Category: What we’ve been reading



gospall

REVIEW BY ALLAN KRUMMENACKER

4 – STARS “An Eerie Blend To Satisfy Horror Enthusiasts…”

Mix one part voodoo, one part devil worship, three parts darker side of human nature and you get “The Haunting of Gospall”.

The author does a wondrous job of blending these three elements into a intricate yarn that transcends the high seas. He starts us off with a brilliant opening scene upon the SS Gospall in the 1800’s, showing a keen insight of what sailors and captains faced on the open waters during one of the more contentious periods between England and France.  We’re introduced to characters we come to admire and care deeply for, both in the 1800’s and the present, as the tale unfolds and a mystery that links the two time periods slowly unfolds.

We meet Sean, who is blessed unwillingly with psychic talents that has led him down a dark path once before.  The author also introduces us to his beloved Sophie who not only listens to him when he starts telling her about strange events that led not only to his mother’s death, but also the strange visions and encounters he has been experiencing.  Led by Sophie, they start digging deeper into the mysteries which leads them to a meeting Seamus Mallom, a former exorcist, with demons of his own that led to his hanging up his white collar… so to speak.

Soon the trio find that all that is happening around them and the world seems linked to the final fate of the Gospall, the villainous pirate Santia that had usurpsed command of the vessel, and an island where the darkest of magics were being performed.

Sins of the past and a final battle for salvation hang in the balance, but is it already too late for the world?

A ripping good yarn, especially for the Halloween season.

AMAZON:

https://www.amazon.com/Haunting-Gospall-Solomon-Strange-ebook/dp/B07FW33WW5/ref=sr_1_1?ie=UTF8&qid=1539195210&sr=8-1&keywords=solomon+strange

Advertisements

Blogger’s Note: I know I promised the second entry about things I learned about putting together an anthology, but the bug we’ve been fighting turned into bronchitis, possibly bordering on pneumonia.  So we’re both on heavy antibiotics which does not make for very sensible thinking or analyzing, much less writing.  So please bear with us and hope you enjoy this latest book review.  We hope to be back in the saddle very soon.  Thank you.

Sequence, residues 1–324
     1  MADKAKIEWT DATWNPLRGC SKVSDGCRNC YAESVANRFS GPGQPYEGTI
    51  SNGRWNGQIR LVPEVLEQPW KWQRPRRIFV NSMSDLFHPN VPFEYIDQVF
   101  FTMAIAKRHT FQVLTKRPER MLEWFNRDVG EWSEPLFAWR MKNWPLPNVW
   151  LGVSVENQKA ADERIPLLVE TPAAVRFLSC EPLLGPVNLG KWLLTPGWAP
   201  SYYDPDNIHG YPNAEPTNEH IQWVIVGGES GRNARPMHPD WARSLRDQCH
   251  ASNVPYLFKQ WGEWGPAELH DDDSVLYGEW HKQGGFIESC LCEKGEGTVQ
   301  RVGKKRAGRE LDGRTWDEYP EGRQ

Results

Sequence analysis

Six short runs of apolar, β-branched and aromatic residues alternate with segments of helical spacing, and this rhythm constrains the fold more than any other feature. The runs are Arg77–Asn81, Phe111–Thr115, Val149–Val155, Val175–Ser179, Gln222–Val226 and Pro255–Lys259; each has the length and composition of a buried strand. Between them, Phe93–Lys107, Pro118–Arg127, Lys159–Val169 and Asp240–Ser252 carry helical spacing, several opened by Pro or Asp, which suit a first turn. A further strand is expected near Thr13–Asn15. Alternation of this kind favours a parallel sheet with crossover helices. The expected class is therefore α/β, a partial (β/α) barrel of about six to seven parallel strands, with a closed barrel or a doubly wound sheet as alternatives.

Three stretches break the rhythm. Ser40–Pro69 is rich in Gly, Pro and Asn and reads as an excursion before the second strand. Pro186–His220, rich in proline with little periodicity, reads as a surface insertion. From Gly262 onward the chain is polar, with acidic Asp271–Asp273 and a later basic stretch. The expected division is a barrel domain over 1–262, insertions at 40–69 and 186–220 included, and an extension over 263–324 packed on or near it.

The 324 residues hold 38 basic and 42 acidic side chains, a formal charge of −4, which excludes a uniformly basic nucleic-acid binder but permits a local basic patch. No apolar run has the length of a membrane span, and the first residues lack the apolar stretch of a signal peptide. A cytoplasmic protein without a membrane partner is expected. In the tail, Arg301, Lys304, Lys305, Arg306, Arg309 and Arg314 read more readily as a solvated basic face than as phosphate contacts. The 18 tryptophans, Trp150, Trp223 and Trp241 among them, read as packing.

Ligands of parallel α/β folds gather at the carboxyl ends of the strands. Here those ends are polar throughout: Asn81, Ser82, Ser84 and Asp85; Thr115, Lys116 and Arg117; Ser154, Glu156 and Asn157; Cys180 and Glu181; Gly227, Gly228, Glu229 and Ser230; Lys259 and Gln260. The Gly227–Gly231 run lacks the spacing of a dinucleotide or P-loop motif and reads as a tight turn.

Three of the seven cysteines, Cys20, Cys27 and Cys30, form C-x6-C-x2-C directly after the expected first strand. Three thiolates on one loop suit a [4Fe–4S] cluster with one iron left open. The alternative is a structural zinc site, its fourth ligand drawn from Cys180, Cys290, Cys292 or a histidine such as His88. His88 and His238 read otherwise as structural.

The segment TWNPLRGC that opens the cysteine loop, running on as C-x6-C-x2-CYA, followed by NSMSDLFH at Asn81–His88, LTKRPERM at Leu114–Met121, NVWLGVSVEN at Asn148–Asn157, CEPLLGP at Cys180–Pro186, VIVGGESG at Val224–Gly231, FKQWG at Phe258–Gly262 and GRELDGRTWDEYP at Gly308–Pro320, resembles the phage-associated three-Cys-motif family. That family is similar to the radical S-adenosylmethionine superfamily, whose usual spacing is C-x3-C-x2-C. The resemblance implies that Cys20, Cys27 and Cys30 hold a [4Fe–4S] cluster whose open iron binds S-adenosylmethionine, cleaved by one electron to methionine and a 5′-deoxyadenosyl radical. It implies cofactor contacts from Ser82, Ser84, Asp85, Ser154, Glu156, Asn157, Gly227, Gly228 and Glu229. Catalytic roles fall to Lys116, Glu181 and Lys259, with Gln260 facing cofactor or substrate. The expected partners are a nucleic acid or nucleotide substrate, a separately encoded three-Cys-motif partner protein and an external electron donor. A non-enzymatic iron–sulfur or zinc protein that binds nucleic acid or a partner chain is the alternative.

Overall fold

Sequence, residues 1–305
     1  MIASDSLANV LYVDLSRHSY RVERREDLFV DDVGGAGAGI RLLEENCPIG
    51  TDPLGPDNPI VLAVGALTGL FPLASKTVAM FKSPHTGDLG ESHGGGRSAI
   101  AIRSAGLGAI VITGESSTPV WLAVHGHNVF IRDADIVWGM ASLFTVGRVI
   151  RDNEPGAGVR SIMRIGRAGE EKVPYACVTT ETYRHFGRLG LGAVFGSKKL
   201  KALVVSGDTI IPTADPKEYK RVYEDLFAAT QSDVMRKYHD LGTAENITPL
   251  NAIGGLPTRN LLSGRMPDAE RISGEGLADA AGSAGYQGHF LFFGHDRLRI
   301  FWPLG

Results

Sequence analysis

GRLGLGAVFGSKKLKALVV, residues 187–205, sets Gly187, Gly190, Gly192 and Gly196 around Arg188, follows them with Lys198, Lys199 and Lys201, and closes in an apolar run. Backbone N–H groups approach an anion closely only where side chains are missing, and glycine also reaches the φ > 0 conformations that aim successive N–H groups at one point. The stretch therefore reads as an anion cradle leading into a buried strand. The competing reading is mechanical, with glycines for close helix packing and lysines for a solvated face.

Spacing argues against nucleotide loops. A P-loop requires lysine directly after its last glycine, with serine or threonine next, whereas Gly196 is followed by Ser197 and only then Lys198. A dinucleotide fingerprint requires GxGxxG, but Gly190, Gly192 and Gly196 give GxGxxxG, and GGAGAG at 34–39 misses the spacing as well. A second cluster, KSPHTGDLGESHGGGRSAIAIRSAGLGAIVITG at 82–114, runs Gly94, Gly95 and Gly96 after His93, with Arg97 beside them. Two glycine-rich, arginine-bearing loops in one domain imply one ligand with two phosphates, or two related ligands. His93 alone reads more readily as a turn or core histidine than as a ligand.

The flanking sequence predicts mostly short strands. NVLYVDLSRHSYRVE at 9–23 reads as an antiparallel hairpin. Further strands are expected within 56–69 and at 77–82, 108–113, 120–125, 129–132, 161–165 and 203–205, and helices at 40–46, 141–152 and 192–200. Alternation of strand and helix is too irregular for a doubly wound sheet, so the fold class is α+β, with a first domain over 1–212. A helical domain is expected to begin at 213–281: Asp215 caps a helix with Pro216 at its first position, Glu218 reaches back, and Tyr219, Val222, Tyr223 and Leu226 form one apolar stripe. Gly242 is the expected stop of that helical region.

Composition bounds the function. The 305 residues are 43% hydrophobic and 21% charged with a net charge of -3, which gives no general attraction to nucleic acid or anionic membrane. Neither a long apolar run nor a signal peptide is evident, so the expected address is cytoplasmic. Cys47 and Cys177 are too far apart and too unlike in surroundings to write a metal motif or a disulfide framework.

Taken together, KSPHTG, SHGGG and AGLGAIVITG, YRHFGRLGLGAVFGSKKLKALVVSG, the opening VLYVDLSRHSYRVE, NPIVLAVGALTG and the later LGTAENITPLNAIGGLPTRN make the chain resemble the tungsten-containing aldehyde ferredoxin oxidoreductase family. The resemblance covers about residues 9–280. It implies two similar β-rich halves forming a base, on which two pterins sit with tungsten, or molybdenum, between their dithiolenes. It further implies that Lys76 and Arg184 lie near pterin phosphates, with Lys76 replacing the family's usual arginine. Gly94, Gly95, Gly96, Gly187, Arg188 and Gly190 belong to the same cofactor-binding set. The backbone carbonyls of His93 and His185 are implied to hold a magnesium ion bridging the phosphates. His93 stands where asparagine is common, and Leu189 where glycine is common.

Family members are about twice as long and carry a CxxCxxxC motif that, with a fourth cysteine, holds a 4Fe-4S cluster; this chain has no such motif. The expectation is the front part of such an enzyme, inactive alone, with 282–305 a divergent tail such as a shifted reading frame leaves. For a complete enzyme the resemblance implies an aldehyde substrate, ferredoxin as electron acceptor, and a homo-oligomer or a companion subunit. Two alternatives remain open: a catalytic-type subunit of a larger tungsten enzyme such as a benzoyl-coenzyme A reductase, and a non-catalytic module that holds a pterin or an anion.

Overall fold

raising steam

 

This particular offering by the late-great Mr. Pratchett was a wonderful read, in my opinion. I’ve seen other reviews where people lamented that his declining health was clearly showing in this book saying things like “it wasn’t as funny…” or “…it felt like this was his farewell to the fans…” etc. A lot of this is understandable considering the rare form of alzheimer’s he is fighting. But for me, this book felt more like a wonderfully wild ride that took us to various parts of the Discworld, just as the invention of the first train in Ankh-Morpork intended.

Pratchett uses the invention of the first steam engine to take us all over and reintroduce us to a number of old and familiar faces and places. We go back to Uberwald to visit Lady Margolotta, The Low King of the Dwarves, Bonk, the goblins, Harry King “King of the Golden River” (a river you would not want to swim in by the way folks), Commander Vimes and the Watch, Death, Lord Vetinari, and of course the incorrigible scoundrel of the piece Moist Von Lipwig.

We get to see some of these wonderful characters interacting with each other in various ways, some for the first time like Lipwig (the “reformed” con-man) working with Stoneface Vimes. Mr. Pratchett has been modernizing his world little by little throughout the series introducing the “Clacks” for communicating quickly over great distances, the first newspapers (spreading information to not just the gentry, but the common man), a new monetary system that is not based on the gold, so the addition of the steam engine seemed quite appropriate. With each book he brings his scattered characters closer to one another, while still providing a fun-filled thrilling ride along the way.

In “Raising Steam” he delivers that same fun but in a big fast noisy way. Well worth the read.


*Blogger’s Note: I know I promised to continue about our experiences with creating our first anthology, but massive colds have been kicking us around.  Hope to get back to that subject next week.  Until then, here’s another book review.  Enjoy*

Grandma's Trunk

This was my first venture into the writing of Miss Grogg and I have to say I was quite pleased. This tale took me down the winding passages of my own childhood memories involving friends, relatives, and grandparents (who I sorely miss).

The story begins with Brandon having to move into his little brother’s room, because his elderly great-grandmother is coming to live with his family. Brandon is not happy about this and even resentful. But we quickly see the conflicting emotions within him early on when he first meets his great-grandmother who is full of spunk and not one to be pushed around in spite of her advanced age. But in addition to that fiery spirit she brings an old fashioned trunk that captivates not only Brandon’s imagination but those of his little brother Melvin and their cousin Alisa.

Soon the trio find that there may be more to great-grandma than meets the eye, making Brandon’s feelings towards her more complicated. Eventually we learn that he’s afraid of growing too fond of her because she is so old. He has already lost his other grandparents who were not nearly as old as her, and he still misses them terribly.

Miss Grogg fleshes out her characters extremely well and makes the reader dwell upon family and friendships, as well as the realization that even though we may one day have to say goodbye, there is so much to be enjoyed in the here and now.